[NB: some of you might quibble with the "no spoilers" tag after reading this review, but in my defense, I'll observe that, beyond talking about the movie's setup, I've mentioned no specific character deaths, nor any major events crucial to the film's plot. I admit I've mentioned that a particular X appears twice in the film, which will set you up for certain expectations, but even there, I don't think that counts as spoiling anything.]

"Rogue One," also known as "Rogue One: A Star Wars Story," begins with the Star Wars equivalent of a cold open—no opening crawl of yellow text to provide exposition. Being "a Star Wars story," i.e., a spinoff episode (there will be more: there's a "young Han Solo" movie in the works, and rumors abound that there may be a Ben Kenobi story and, possibly, a Yoda story), this movie ultimately tells a fairly limited tale: that of how the plans for the Death Star were acquired, along with an explanation for the Death Star's hilarious fatal flaw: that damn thermal-exhaust port that leads all the way down to the space station's reactor core.

"Rogue One" centers on Jyn Erso (Felicity Jones), a young woman with every reason to hate the Empire. Bereft of her parents at an early age, Erso is initially cared for by the extremist rebel Saw Gerrera (Forest Whitaker), but Gerrera eventually abandons Erso, causing a rift between them. Erso's scientist father Galen Erso (Mads Mikkelsen), meanwhile, has been conscripted by the Empire to help develop a superweapon—what we know will eventually become the Death Star. Erso fille is broken free by Alliance forces after having been taken prisoner. Her significance to the Rebellion is that she's Galen Erso's daughter and an acquaintance of Saw Gerrera, who has received information from defector pilot Bodhi Rook (Riz Ahmed), a man who worked with Galen Erso, and who has promised to deliver a message to the Rebel Alliance on Erso's behalf.

The rest of the movie involves figuring out that a set of Death Star schematics needs to be found and stolen, all of which leads up to the beginning of 1977's "Star Wars." There will be plenty of suspense, conflict, and adventure along the way. Trust will be hard to come by. A disconcerting number of main characters will bite the dust. And unlike the regular Star Wars movies, morality will be plenty murky in a film that focuses on the ugliness of war.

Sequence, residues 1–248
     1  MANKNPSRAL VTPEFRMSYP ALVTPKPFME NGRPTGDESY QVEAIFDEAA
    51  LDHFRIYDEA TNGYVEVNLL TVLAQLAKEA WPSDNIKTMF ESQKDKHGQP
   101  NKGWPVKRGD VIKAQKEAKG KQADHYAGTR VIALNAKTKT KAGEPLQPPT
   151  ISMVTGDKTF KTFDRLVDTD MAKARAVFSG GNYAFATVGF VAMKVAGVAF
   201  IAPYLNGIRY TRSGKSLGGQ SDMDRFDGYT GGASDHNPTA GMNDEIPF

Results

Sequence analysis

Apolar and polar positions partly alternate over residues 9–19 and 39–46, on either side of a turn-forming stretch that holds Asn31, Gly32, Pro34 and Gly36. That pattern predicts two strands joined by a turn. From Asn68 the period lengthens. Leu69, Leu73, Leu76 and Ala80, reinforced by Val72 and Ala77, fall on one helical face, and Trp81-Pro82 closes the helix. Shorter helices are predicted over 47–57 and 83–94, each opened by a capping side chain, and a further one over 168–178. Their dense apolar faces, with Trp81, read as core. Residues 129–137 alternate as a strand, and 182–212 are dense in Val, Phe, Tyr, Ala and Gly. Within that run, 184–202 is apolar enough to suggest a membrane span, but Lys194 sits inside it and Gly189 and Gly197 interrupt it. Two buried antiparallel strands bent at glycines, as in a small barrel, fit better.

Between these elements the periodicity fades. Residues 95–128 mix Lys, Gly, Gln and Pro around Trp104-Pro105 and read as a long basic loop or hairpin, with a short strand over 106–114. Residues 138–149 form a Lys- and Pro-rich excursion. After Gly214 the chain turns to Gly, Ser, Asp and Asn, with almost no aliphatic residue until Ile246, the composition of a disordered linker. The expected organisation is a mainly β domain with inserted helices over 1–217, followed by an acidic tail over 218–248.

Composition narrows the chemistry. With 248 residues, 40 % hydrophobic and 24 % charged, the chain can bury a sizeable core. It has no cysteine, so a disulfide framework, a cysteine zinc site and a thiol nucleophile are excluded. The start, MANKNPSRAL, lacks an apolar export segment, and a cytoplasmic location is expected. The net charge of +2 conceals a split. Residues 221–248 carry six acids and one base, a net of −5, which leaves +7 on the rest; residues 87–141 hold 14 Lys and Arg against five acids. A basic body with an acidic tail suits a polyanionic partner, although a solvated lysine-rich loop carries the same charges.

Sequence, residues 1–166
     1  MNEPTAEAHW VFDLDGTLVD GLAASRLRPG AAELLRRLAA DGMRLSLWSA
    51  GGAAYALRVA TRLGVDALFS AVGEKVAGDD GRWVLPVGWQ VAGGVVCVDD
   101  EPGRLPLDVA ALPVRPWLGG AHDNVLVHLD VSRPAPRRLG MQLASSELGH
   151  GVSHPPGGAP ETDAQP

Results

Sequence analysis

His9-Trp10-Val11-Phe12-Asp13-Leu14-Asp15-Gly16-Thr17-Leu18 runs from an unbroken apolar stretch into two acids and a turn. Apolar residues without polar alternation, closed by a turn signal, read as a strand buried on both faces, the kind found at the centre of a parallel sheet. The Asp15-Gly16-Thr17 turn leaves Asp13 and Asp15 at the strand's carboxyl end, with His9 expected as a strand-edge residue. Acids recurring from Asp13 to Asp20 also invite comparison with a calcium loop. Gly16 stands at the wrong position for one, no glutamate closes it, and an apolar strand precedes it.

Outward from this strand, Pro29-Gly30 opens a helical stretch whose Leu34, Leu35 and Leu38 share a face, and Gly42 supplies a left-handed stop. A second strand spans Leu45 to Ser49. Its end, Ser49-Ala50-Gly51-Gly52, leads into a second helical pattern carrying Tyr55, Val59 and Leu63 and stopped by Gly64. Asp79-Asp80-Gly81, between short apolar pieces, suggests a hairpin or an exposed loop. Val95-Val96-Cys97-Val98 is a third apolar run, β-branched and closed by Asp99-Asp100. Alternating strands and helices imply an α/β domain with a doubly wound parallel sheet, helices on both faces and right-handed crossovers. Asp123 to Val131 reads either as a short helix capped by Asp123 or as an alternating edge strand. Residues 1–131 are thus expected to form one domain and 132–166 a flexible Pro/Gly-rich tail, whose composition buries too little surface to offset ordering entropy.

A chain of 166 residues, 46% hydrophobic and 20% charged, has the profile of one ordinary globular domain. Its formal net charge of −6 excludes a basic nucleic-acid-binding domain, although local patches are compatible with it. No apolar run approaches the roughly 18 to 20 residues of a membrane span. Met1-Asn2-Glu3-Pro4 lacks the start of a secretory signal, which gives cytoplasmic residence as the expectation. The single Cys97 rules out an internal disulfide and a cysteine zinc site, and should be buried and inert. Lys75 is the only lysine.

So was "Rogue One" worth the wait? I'll give a tentative yes. It was surprisingly tragic for a "Star Wars" film; by the end, the phrase "Pyrrhic victory" will definitely come to mind. There are no Ewok celebrations—no cute aliens of any kind, really. I actually think I'm going to have to see the movie a second time to drink in all the complexities of the plot. Some reviewers on YouTube have been cooing over all the movie's "Easter eggs," but I quickly saw most of the sly and not-so-sly references that these reviewers were pointing to. All the same, there was a lot to take in, and the movie was good enough to make me want to see it a second time.

I also need to re-watch the movie because there were, frankly, moments that made little sense to me during this first viewing. Most of these problems had to do with character motivations, as "Rogue One" has a definite cloak-and-dagger aspect to it that makes it hard to know what certain characters are thinking when they take certain actions. Other problems related to the sorts of flaws that geeks like that guy at Cinema Sins love to pick on, i.e., nonsensical problems in storytelling and script-writing that wouldn't have occurred had the story been thought through better (e.g., why did that Star Destroyer commander take so, so long to call for evasive action? and further, why were the destroyers hanging together so closely as a battle group?).

In the meantime, part of the movie's watchability came from its visuals, which were faithful to previous cinematic portrayals of the Star Wars universe. The hiss of the heavy doors, the roar-scream of the Imperial TIE fighters, the battered look and feel of clothing, equipment, and Rebel ships—these all aided in the consistency of the film's world-building.

The actors all hit their marks well, too. We're long past the era of corny acting (Mark Hamill and Harrison Ford, in particular, gave some cringe-inducing performances in the original trilogy); Felicity Jones is tough and grim as Jyn Erso; Mads Mikkelsen, this era's Bela Lugosi, manages to be serious and poignant; Forest Whitaker as Saw Gerrera brings pain and war-weariness; Diego Luna as mission commander Cassian Andor is part shifty, part determined; Donnie Yen offers his martial-arts skills and a certain ethereal, Zen-like calm to his almost-a-Jedi warrior Chirrut Imwe; Alan Tudyk does a decent Anthony Daniels impression as the voice of K-2SO, a reprogrammed Imperial combat droid.

Then, of course, there's the elephant in the room: the CGI reconstitution of several 1977-era characters. By now, you've likely heard that Peter Cushing's Grand Moff Tarkin gets a significant amount of screen time. The rumors are true: he does indeed make more than a cursory appearance thanks to an updated version of the motion-capture technique that brought us Gollum over a decade ago. Actor Guy Henry, whom you might remember in the role of Pius Thicknesse in the final Harry Potter films, plays Tarkin, with Cushing's face mapped over his own. The effect is uncanny, but it's good enough that any "uncanny valley" feeling comes more from the knowledge that Peter Cushing died in 1994 than from flaws in the effect itself. Other similarly reconstituted 1977 characters include Leia Organa (who gets a single word of dialogue), Red Leader, and Gold Leader. A lively debate has sprung up regarding the ethics, and the artistic merit, of using CGI/mo-cap to bring back actors from the dead and/or to portray much-younger versions of those actors.